--- Josh Berkus <josh@agliodbs.com> wrote:
> Bill,
> > What about if an out-of-the-ordinary number of
> rows
> > were deleted (say 75% of rows in the table, as
> opposed
> > to normal 5%) followed by a 'VACUUM ANALYZE'?
>  Could
> > things get out of whack because of that situation?
> Yes.  You'd want to run REINDEX after and event like
> that.  As you should now.
> -- 
> Josh Berkus
> Aglio Database Solutions
> San Francisco

Thank you.  Though I must say, that is very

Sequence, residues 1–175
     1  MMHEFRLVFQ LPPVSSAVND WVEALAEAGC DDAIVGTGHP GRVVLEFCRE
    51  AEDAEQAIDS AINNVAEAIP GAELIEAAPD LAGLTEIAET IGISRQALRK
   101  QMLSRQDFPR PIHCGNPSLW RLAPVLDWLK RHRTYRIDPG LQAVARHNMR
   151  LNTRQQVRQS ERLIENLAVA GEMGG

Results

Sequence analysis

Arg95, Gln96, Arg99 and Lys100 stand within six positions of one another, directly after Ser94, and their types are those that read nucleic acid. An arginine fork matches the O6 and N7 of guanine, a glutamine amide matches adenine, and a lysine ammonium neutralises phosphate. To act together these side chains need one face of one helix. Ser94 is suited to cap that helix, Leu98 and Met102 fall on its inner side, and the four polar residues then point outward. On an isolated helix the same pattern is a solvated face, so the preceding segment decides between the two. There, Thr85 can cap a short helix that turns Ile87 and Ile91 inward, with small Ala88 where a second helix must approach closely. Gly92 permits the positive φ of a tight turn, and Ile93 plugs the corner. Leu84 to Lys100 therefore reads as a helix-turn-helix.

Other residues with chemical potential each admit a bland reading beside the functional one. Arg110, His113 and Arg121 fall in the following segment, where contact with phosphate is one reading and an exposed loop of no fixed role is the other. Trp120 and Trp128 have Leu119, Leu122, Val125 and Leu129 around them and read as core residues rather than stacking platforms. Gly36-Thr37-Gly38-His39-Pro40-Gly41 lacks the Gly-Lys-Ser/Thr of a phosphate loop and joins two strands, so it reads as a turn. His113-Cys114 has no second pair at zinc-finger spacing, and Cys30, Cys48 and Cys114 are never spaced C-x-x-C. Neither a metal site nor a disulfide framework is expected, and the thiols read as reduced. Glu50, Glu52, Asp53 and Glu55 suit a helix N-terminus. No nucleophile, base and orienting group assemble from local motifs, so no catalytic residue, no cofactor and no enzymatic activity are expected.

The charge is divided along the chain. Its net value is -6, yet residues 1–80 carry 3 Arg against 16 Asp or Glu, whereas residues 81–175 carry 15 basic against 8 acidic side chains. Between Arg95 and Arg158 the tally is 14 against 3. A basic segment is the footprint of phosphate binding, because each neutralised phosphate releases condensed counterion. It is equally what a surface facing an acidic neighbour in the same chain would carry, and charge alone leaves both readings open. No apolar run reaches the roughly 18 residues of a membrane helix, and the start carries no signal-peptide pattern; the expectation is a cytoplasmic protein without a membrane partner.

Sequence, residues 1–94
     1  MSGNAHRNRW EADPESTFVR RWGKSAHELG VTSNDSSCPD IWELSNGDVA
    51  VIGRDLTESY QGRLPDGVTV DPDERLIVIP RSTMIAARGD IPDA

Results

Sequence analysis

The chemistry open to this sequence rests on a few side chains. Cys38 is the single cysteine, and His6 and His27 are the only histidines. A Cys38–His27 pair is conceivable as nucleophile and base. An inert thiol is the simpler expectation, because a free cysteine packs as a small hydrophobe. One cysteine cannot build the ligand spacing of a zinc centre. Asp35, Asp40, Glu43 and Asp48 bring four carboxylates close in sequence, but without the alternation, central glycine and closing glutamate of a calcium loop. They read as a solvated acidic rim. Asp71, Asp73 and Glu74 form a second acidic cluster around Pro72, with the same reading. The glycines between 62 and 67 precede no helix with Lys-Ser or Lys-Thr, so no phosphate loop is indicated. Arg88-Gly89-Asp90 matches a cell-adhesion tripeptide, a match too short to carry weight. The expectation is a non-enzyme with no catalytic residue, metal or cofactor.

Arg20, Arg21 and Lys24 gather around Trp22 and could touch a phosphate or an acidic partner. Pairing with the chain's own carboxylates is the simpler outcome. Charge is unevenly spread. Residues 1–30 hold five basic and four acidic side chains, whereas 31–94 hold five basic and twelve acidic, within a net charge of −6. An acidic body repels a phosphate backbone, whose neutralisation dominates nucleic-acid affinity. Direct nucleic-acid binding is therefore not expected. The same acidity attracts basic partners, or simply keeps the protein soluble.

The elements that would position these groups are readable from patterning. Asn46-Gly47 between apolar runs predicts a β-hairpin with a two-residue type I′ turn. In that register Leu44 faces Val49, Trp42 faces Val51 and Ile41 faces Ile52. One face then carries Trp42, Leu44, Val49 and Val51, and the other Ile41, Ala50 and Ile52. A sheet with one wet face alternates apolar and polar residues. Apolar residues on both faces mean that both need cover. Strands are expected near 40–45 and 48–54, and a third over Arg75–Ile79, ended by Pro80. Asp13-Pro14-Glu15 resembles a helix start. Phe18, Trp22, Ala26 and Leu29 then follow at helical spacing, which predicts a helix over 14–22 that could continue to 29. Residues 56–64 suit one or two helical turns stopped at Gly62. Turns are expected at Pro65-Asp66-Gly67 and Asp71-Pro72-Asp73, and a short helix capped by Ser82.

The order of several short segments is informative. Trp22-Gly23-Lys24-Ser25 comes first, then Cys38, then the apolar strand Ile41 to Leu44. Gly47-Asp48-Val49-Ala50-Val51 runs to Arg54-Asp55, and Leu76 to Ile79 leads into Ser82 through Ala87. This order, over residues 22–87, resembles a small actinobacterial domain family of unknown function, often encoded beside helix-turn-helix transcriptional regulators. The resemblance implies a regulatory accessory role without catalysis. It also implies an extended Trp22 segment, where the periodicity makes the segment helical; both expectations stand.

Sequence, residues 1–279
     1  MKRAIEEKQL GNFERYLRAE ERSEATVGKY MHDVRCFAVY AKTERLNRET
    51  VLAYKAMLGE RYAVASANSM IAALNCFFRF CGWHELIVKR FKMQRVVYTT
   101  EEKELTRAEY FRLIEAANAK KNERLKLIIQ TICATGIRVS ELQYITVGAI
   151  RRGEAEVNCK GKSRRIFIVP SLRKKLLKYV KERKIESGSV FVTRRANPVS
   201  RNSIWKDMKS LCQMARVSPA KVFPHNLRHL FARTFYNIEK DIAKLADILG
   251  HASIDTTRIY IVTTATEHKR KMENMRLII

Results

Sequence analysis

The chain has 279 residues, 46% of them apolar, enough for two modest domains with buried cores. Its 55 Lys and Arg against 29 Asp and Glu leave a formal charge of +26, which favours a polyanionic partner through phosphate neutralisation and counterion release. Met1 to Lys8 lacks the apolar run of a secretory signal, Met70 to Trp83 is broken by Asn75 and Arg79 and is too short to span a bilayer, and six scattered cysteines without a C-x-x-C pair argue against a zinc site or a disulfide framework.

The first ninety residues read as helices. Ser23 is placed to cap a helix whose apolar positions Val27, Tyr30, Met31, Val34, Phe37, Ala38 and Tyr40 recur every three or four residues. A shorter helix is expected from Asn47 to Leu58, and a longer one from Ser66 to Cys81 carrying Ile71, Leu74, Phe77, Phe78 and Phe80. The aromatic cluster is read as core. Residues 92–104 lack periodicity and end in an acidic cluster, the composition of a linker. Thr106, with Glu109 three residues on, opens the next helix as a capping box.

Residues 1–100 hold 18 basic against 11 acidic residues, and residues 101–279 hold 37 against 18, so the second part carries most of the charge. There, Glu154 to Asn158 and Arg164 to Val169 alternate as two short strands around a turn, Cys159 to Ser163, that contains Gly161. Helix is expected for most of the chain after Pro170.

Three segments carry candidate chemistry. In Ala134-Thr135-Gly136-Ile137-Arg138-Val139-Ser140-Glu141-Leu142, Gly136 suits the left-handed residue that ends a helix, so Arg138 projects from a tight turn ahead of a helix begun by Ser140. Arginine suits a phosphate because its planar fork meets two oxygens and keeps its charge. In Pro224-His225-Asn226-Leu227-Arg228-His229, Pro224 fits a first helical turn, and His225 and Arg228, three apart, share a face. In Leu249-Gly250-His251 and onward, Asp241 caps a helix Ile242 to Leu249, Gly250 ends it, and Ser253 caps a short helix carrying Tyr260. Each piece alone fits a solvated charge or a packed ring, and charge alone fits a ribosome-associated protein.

discouraging.  REINDEX is a costly operation, timewise
and due to the fact that it locks out other processes
from proceeding.  Updates are constantly coming in and
queries are occurring continuously.  A REINDEX could
potentially bring the whole thing to a halt.

Honestly, this seems like an inordinate amount of
babysitting for a production application.  I'm not
sure if the client will be willing to accept it.  

Admittedly my knowledge of the inner workings of an
RDBMS is limited, but could somebody explain to me why
this would be so?  If you delete a bunch of rows why
doesn't the index get updated at the same time?  Is
this a common issue among all RDBMSs or is it
something that is PostgreSQL specific?  Is there any
way around it?



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